Christmas 1944 was a pivotal time for the Allied efforts to defeat Nazi Germany. In the 6 months since the D-Day landings they had driven the Wehrmacht out of France and were poised to cross the Rhine into Germany proper. The soldiers of the Allied armies were exhausted and their supply lines were stretched to the breaking point.

While they rested, regrouped and resupplied the Germans had other plans. Hitler and his generals threw everything they had into a final offensive. The plan was to drive a wedge of men and materiel into the American lines thereby splitting the Allied armies in two and then sprinting to the Belgian coast to cut off their supplies. The attack was launched 16 December 1944.

It was a bold move born out of desperation and in the beginning they routed the Americans overrunning their positions and capturing, killing or wounding thousands. The situation was bleak as the Allied High Command scrambled to thwart the German offensive.

But one small Belgian town stood in the path of this German onslaught—Bastogne. Bastogne was a critical point in that it was the center of a network of roads in all directions that could have sped the Nazi advance if it fell. It was defended by the “Screaming Eagles” of the 101st Airborne Division and Combat Command B of the 10th Armored Division.

They were short on ammunition, food and medical supplies and most of their medical personnel had been captured in the first few hours and days of the battle. Like the defenders of the Alamo in 1836 or the Marines on Wake Island during the early days of the war during Christmas 1941, they were surrounded, outnumbered, and about to be slaughtered by tanks and Waffen SS regiments. The Americans knew what their fate could be if they surrendered. Just a few days before the Nazis machine-gunned 90 unarmed American prisoners in an open field near the town of Malmedy. And that was not an isolated incident.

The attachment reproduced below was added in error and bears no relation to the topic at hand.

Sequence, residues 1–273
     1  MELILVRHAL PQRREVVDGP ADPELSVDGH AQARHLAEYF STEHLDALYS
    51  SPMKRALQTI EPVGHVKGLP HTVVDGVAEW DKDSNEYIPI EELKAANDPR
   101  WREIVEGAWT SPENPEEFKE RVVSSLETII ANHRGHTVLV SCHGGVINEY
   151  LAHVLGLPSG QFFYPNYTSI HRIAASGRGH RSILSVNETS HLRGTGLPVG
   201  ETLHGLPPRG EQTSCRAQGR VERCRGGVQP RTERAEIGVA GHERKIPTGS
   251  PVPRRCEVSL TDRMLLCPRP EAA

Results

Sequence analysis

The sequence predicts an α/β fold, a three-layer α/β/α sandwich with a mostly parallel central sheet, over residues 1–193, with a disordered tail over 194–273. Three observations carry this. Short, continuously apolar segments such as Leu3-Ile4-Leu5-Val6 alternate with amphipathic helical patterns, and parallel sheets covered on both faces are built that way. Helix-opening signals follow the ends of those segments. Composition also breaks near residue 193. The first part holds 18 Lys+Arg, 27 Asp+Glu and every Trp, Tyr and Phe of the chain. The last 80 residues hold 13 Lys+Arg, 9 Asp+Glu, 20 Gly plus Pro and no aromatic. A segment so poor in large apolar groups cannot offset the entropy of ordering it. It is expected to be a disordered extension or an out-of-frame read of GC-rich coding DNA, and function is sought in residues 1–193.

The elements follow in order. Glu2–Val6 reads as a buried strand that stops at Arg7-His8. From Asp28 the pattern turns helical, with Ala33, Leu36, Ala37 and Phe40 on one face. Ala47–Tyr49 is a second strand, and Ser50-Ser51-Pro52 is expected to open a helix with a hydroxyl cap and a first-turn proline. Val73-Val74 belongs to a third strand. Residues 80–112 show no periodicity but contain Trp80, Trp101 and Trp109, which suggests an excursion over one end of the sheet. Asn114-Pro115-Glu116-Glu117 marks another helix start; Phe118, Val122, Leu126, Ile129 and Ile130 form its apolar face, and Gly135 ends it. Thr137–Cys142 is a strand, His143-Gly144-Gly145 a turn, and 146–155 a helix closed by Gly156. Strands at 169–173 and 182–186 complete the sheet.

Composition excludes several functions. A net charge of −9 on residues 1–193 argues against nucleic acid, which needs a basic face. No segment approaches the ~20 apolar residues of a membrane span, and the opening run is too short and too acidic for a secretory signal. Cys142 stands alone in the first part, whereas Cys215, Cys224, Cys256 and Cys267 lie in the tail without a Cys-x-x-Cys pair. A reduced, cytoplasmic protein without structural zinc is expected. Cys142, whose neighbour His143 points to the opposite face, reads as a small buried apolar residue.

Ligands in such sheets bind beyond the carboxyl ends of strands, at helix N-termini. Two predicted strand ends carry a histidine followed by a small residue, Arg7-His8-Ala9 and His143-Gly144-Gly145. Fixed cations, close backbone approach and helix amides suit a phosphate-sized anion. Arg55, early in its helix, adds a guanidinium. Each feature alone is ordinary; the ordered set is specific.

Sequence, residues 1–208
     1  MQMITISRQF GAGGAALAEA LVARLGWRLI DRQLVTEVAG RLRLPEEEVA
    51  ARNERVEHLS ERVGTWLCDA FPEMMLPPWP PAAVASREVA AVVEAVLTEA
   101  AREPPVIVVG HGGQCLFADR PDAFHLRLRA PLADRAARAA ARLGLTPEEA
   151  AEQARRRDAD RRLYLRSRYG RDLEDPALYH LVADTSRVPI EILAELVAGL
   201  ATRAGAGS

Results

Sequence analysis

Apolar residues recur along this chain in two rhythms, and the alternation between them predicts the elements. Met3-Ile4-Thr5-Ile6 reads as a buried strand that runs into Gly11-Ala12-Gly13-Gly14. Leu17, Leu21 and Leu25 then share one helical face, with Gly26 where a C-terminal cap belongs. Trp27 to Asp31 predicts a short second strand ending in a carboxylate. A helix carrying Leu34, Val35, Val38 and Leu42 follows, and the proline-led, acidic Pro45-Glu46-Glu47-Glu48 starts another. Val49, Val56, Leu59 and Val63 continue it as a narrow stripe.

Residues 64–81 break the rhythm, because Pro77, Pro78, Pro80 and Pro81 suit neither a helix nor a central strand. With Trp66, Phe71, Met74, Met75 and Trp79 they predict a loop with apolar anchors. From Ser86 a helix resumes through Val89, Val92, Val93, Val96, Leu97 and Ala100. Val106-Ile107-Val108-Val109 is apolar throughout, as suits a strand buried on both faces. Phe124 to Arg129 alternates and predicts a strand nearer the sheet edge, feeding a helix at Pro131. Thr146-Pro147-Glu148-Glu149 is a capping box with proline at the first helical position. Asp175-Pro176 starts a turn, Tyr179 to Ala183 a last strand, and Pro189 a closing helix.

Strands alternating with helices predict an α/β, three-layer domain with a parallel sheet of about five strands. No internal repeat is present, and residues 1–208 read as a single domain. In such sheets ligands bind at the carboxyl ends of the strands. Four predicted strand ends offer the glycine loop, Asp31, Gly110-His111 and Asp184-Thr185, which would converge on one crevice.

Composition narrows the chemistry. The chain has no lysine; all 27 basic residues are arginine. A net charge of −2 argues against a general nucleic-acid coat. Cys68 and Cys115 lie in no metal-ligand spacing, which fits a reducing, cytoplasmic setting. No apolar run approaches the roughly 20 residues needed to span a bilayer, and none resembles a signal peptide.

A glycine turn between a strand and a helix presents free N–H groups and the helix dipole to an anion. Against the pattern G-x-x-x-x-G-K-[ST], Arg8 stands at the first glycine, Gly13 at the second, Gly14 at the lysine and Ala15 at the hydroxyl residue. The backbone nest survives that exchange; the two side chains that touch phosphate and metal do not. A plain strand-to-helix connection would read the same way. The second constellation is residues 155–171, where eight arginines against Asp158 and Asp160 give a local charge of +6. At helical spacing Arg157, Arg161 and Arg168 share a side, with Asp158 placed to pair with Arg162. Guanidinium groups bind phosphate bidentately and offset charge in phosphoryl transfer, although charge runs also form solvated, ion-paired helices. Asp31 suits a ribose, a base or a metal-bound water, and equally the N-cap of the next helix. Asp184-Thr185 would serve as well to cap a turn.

But the men of the 101st held the perimeter around Bastogne against numerous assaults. Finally the frustrated German commander sent a message under a white flag to General Anthony McAuliffe demanding that he surrender his forces and the town. According to Wikipedia…

“When General Anthony McAuliffe, acting commander of the 101st, was told, a frustrated McAuliffe responded, "Nuts!" After turning to other pressing issues, his staff reminded him that they should reply to the German demand. One officer (Harry W. O. Kinnard, then a Lieutenant Colonel) recommended that McAuliffe’s initial reply would be "tough to beat". Thus McAuliffe wrote on the paper delivered to the Germans: “NUTS!” That reply had to be explained, both to the Germans and to non-American Allies.”

I think we all know what he meant. Bastogne continued to hold out.

Then on 26 December 1944, one day after Christmas at 16:50 hr, the cavalry arrived led by that old cavalryman himself, General George S. Patton. Bastogne was relieved and the German advance halted. And while it took another month to re-establish the Allied lines, the Nazis were spent and their inevitable defeat was within sight.

Why am I bringing up this story of war and death at this time of the year? For two reasons.

First, just like 1944 we are facing one of the most difficult tests as a nation we have seen surely in our lifetimes as America and the world struggles with the issues of a worldwide financial meltdown, unrest and uncertainty in many nations and the threat of global terror to name a few.

But our response seems to be one of shock and anger at how bad things are and we are looking for someone to blame for our troubles whether they be members of our government or the business leaders from Wall Street to the boardrooms of America’s companies .